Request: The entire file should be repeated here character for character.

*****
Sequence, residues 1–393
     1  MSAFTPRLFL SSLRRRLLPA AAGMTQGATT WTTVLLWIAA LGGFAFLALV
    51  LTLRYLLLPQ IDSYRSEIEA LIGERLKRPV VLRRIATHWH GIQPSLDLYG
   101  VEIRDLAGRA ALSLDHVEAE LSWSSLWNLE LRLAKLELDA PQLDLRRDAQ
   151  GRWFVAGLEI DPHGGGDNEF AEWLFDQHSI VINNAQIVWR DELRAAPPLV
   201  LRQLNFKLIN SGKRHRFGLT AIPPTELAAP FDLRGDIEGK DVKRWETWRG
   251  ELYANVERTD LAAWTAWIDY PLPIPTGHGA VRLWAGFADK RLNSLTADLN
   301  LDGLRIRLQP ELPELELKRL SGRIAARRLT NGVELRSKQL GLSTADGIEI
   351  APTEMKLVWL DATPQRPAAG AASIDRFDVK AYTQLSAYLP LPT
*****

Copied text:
Sequence, residues 1–393
     1  MSAFTPRLFL SSLRRRLLPA AAGMTQGATT WTTVLLWIAA LGGFAFLALV
    51  LTLRYLLLPQ IDSYRSEIEA LIGERLKRPV VLRRIATHWH GIQPSLDLYG
   101  VEIRDLAGRA ALSLDHVEAE LSWSSLWNLE LRLAKLELDA PQLDLRRDAQ
   151  GRWFVAGLEI DPHGGGDNEF AEWLFDQHSI VINNAQIVWR DELRAAPPLV
   201  LRQLNFKLIN SGKRHRFGLT AIPPTELAAP FDLRGDIEGK DVKRWETWRG
   251  ELYANVERTD LAAWTAWIDY PLPIPTGHGA VRLWAGFADK RLNSLTADLN
   301  LDGLRIRLQP ELPELELKRL SGRIAARRLT NGVELRSKQL GLSTADGIEI
   351  APTEMKLVWL DATPQRPAAG AASIDRFDVK AYTQLSAYLP LPT